The answer to this question can be tricky, as it will depend on which State or Territory is best placed to determine the matter – and this depends upon where the deceased person died, where they ordinarily resided and where their assets are based.
Under Queensland’s Succession Act 1981, the following categories of persons are eligible to contest the estate of a deceased person:
- The married spouse of a deceased person;
- The de facto partner (or partners) – including same-sex couples – of the deceased person, provided that de facto partner has been living with the deceased person together on a genuine domestic basis for a continuous period of at least 2 years ending on the deceased’s death.
- The civil partner of the deceased person; or
- In limited circumstances, the deceased’s dependent former married spouse or civil partner.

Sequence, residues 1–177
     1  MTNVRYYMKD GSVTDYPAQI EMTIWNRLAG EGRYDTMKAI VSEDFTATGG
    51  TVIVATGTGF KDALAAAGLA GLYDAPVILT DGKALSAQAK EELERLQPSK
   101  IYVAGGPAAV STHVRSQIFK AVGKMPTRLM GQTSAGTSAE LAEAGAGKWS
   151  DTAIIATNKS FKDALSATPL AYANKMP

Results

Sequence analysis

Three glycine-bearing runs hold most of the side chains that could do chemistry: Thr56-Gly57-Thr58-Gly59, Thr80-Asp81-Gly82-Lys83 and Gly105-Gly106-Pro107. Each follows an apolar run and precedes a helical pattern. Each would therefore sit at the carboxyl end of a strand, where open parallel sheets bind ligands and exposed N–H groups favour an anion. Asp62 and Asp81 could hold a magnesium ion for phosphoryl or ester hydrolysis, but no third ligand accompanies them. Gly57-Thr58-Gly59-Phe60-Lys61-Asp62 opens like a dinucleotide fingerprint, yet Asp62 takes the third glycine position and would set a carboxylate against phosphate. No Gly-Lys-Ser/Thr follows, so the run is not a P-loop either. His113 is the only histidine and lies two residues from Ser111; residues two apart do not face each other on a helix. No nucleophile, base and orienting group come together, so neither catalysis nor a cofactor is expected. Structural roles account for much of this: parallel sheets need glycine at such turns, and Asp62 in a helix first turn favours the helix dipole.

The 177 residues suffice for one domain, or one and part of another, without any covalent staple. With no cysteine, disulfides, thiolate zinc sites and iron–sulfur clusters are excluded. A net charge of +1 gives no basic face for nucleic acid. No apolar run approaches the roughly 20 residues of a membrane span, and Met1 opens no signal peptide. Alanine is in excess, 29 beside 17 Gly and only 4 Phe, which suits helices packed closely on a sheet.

- Biological children;
- Stepchildren; and
- Adopted children.
which is any person being wholly or substantially maintained or supported by the deceased person at the time of their death who is:
- A parent of the deceased person;
- The parent of a surviving child under the age of 18 years of the deceased person; or
- A person under the age of 18 years.
The above information relates to who can contest a will in Queensland, but our lawyers also have experience with and can advise on family provision matters in other Australian States and Territories. Please contact us to discuss your potential claim.
This publication is for information only and is not legal advice. You should obtain advice that is specific to your circumstances and not rely on this publication as legal advice. If there are any issues you would like us to advise you on arising from this publication, please let us know.
Liability limited by a scheme approved under professional standards legislation (personal Injury Work exempted).